Sometimes it's hard to know when to repot a plant. Other times it's not.
When I got Anthurium llewelynii I planted it in a mesh pot in all sphagnum. I'm not sure what possessed me to do so, as most of my Anthurium are growing in a chunky potting mix. Then I suspended that mesh pot in a ceramic pot, which is where it has stayed for the last few years. When I water I have to check and make sure there isn't much standing water in the ceramic pot since it doesn't have any drainage holes. The plant has loved this setup and put out a lot of roots. Recently I was doing some repotting and decided to check on this one.
Wow! That's a lot of roots outside of the pot. I had to study it for a little bit and determine what to do.
I really liked the pot, especially since the plant has done so well in it, but I decided the best thing to do for the plant was to cut the pot away to free the roots and keep them intact. It was a tedious procedure.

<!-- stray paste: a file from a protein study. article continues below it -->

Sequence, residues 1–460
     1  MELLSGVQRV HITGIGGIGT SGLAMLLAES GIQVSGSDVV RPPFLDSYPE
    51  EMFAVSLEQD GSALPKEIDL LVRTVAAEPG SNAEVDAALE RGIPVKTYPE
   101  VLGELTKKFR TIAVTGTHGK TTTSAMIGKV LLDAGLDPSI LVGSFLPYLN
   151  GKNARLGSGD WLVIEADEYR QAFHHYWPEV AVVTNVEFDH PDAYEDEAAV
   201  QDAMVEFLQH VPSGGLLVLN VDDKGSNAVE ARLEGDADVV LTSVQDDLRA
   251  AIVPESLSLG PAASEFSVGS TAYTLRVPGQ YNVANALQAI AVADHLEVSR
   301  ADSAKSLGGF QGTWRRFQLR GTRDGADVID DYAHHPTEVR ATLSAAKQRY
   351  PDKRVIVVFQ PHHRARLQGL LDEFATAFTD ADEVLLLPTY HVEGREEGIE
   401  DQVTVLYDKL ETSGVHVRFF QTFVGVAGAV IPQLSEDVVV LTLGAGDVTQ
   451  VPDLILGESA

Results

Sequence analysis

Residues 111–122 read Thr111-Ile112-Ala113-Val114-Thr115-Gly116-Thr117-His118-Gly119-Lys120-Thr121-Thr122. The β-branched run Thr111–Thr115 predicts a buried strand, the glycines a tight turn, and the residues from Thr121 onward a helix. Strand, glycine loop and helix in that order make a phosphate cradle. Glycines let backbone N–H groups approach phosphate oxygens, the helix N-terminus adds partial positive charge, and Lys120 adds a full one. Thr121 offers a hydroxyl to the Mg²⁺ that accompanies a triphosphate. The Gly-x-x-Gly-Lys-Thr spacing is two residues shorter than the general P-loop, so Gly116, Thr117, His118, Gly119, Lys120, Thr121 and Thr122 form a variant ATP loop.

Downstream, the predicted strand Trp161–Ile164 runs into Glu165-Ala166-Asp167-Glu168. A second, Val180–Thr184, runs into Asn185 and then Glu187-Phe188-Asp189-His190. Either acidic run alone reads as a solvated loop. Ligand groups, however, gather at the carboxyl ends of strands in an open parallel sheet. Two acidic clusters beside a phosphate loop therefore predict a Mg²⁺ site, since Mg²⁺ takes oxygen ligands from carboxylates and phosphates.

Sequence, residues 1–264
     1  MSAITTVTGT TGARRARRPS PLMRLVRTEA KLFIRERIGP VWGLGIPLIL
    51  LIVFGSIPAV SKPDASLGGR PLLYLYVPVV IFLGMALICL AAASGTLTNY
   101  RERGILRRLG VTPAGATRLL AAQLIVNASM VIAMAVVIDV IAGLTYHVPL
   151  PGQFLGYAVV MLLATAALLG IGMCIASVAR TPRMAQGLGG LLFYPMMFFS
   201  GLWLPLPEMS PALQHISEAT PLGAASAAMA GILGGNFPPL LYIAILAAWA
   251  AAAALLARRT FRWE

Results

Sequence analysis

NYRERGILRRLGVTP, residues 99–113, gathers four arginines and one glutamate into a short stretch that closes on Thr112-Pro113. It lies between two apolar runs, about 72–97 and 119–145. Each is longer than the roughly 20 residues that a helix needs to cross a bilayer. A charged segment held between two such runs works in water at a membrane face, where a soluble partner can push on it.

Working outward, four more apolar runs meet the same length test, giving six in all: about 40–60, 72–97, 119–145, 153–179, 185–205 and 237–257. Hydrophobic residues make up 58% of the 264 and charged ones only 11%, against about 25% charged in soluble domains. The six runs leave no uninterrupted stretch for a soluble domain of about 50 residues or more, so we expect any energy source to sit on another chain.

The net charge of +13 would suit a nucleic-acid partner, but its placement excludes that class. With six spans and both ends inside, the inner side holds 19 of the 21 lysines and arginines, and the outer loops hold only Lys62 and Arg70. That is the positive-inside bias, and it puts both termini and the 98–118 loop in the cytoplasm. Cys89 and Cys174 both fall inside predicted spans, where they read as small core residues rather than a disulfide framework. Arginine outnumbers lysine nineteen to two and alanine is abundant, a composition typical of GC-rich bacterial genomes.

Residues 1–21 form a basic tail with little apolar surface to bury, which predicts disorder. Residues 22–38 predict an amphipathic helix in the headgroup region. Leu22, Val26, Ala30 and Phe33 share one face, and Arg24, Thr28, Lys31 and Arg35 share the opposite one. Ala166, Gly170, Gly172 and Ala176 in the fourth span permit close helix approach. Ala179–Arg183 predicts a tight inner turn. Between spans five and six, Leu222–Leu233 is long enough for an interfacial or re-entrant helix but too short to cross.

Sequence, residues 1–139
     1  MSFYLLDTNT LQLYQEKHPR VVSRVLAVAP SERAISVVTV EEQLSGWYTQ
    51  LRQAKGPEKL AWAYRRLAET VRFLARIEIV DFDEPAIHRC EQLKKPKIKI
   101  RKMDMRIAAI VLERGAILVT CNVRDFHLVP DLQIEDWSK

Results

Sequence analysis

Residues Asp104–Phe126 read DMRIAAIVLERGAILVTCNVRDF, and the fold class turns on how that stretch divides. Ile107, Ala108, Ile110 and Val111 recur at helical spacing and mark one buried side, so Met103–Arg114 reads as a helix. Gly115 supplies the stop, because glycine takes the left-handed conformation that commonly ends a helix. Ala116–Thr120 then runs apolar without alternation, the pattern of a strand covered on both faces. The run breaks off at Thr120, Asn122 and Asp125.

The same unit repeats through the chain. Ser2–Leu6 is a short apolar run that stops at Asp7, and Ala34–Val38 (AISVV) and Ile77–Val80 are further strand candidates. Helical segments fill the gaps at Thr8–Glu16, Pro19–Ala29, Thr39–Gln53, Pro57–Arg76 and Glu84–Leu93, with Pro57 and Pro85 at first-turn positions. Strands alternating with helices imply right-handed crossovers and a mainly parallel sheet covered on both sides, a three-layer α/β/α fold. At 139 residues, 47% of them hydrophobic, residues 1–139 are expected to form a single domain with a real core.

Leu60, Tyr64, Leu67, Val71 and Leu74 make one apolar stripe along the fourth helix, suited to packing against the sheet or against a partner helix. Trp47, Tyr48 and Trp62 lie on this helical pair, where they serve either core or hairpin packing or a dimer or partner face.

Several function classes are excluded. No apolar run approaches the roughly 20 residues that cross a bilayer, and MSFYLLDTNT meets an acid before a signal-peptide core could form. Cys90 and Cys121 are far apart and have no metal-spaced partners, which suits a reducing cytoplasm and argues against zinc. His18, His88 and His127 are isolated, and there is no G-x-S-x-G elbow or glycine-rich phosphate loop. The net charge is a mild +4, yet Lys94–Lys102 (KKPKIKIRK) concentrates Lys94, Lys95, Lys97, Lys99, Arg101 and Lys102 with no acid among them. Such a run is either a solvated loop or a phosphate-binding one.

I remember from an orchid repotting seminar that every broken root is an opportunity for introducing bacteria and rot. I tried to minimize breakage. The roots were thick, fleshy, fuzzy and brittle but I managed to remove the pot in pieces and only broke a few roots.
Once it was all free I had to pick a suitable sized pot, both in width and depth. I have a habit of picking oversized pots, but with this many roots I felt justified going big.
I also decided to go with a richer potting mix. Hopefully my Anthurium llewelynii likes its new home.
|Anthrium llewelynii has outgrown the pot|
|A large root mass growing outside the mesh pot|
|So far so good|
|The trickiest part|
|Repotted Anthurium llewelynii|